43 pages • 1 hour readMichelle Cliff
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Abeng (1984) is a fictionalized semi-autobiographical novel by Jamaican-American author Michelle Cliff (1946-2016). Born in Kingston, Cliff spent most of her life in the US where she taught at several prestigious colleges and universities. Abeng, the first of Cliff’s three novels, is a subversive history of Jamaica, as well as a coming-of-age story of bi-racial girl Clare Savage. Through her efforts to understand her surroundings and her own place in the world, Clare gradually uncovers the terrible experiences, past and present, shaping the lives of those around her. Portraying life on the island in the 1950s and incorporating flashbacks, vignettes and historical facts, the book weaves a complex, alternative account of Jamaica’s violent past and gives voice to the historically marginalized and silenced groups inhabiting the island.
The book is often taken as a prequel to Cliff’s most acclaimed novel, No Telephone to Heaven (1987), which retells Clare’s life after her family leaves Jamaica. The title refers to a conch shell, used both to call slaves to the fields and to pass messages between the Maroons. The abeng’s contradictory uses encapsulate the purpose of the narrative to re-claim and re-frame Jamaican history. This guide refers to the 1995 Plume edition of the book.
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The novel opens in the summer of 1958 in Jamaica when the island is rife with mangoes. The central character, Clare Savage, is a 12-year-old bi-racial girl who needs to learn how to navigate both sides of her inheritance. Her father, Boy, is a descendent of an English Earl, while her mother, Kitty, is an emotionally distant woman from a mixed, or “red,” family. By tracing her maternal and paternal family histories, the book gradually reveals the terrible fate of the native Indians and the imported Black slaves under British colonial rule. The story fills in the spaces left purposefully blank in the official British narrative taught in Jamaican schools at the time by referencing the great African kingdoms, which were in no way inferior to the European ones, and the Maroons, the escaped slaves who fought against the white people and tried to preserve their customs and beliefs.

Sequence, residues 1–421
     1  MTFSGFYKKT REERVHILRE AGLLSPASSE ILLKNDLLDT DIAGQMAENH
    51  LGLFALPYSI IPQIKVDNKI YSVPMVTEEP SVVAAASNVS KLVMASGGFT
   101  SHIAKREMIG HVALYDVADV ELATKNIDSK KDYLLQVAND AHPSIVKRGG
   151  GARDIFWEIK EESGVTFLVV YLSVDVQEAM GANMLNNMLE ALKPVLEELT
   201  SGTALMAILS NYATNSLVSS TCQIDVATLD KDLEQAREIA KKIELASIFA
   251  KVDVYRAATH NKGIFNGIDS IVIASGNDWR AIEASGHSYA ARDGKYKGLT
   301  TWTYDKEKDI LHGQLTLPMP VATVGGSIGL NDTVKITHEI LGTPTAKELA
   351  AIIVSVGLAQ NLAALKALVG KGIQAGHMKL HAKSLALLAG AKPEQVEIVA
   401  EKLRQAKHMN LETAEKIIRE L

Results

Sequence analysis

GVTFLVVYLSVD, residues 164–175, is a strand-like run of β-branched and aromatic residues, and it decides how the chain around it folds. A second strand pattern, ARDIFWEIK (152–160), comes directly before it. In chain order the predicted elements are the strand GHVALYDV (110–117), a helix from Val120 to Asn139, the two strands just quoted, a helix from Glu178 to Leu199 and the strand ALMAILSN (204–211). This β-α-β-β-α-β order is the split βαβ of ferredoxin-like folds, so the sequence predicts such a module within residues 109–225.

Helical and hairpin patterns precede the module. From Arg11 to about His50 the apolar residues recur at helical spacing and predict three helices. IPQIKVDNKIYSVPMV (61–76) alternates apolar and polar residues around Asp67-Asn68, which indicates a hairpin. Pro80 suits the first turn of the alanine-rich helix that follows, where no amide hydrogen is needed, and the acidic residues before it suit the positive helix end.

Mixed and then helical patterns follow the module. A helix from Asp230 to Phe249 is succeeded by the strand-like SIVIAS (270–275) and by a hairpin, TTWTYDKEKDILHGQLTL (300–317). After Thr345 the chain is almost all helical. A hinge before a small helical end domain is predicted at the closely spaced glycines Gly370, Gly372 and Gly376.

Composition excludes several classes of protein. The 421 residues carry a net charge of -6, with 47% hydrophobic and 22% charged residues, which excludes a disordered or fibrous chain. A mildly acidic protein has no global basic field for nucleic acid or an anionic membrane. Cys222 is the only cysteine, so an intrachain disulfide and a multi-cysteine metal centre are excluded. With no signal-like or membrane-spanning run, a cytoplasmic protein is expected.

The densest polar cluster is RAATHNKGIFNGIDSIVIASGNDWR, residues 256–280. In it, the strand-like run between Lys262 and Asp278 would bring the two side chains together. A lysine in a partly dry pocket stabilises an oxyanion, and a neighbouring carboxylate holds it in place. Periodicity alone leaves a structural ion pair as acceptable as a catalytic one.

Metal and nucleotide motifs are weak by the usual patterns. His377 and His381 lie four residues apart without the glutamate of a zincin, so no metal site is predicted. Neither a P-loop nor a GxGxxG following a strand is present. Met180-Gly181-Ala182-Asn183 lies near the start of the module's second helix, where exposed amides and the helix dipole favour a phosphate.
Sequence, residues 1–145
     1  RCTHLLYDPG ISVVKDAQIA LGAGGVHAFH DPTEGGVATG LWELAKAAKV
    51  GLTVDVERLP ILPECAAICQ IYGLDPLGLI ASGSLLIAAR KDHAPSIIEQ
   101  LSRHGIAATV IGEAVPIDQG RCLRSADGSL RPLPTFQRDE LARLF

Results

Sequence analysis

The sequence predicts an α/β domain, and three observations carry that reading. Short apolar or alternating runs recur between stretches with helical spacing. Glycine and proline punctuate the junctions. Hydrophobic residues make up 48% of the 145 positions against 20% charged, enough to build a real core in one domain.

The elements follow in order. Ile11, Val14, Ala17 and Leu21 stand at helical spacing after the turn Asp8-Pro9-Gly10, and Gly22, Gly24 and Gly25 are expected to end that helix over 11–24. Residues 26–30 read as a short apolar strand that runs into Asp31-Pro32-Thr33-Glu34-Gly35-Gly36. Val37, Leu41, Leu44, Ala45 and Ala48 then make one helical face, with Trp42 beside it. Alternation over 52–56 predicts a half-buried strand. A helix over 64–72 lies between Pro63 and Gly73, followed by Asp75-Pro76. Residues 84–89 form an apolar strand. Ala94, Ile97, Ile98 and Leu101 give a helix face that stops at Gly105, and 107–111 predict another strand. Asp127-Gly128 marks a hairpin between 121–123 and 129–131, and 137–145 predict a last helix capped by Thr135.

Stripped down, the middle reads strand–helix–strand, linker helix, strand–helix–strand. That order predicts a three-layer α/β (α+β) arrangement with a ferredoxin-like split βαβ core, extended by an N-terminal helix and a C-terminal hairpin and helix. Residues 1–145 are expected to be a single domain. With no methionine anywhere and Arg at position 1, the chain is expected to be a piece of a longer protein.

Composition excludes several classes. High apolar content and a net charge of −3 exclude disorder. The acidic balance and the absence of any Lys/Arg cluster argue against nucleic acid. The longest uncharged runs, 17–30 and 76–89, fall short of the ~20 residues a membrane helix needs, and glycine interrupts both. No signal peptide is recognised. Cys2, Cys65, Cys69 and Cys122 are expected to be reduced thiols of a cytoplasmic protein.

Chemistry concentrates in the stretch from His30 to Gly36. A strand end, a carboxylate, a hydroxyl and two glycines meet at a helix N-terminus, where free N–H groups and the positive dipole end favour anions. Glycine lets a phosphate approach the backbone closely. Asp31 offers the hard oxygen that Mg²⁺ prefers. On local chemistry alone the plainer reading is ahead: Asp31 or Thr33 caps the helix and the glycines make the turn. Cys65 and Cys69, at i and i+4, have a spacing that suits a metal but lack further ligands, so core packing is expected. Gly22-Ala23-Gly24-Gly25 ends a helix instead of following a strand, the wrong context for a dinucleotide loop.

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A number of vignettes reveal brief glimpses into the lives of various people Clare is acquainted with. Despite the official emancipation of slaves in the 19th century, Black and colored people on the island continue to be treated as inferior by white and dark-skinned inhabitants, alike.
Clare, as the light-skinned daughter of a bi-racial mother and a white father, is stuck between these two groups: the former colonizers and their former slaves. She becomes aware of her precarious position and of the fraught relationship between various groups on the island through her friendship with a country girl, Zoe, and through school, where skin color determines the teachers’ behavior towards their pupils.
The year she turns 12, Clare reads The Diary of Anne Frank and questions both the Holocaust and the social structures shaping her experiences. During her time at her grandmother’s farm in the countryside, Clare is also exposed to many unspoken divisions and petty injustices, such as their neighbors’ rejection of Mad Hannah after her son’s death because of his perceived homosexuality, or the tacit acceptance of incest when committed by an important local man.
Clare’s father, Boy, is the descendent of an English aristocrat’s youngest son who came to Jamaica as a justice and became a plantation owner. The Englishman is best known for personally punishing and killing his runaway slaves, as well as for burning most of them alive on the eve of their emancipation. Boy is an immature spendthrift who is convinced that the Savage family is one of the Presbyterian Elect names and will achieve salvation in the afterlife no matter what. Kitty, Clare’s mother, by contrast, comes from a poor mixed-race family. She, like her own mother, is emotionally reserved and distant with her children, focused, instead, on helping poor strangers.
At the end of the summer, Clare’s desire for adventure leads her to accidentally kill her grandmother’s prized bull, resulting in her parents sending her away to live with an old white woman who hates Jamaica and is casually cruel to her servants and other Black people. In her new home, Clare learns how to be “ladylike:” to remain silent and accept narrow-mindedness so as to pass as a white woman and succeed in the wider world.
By Michelle Cliff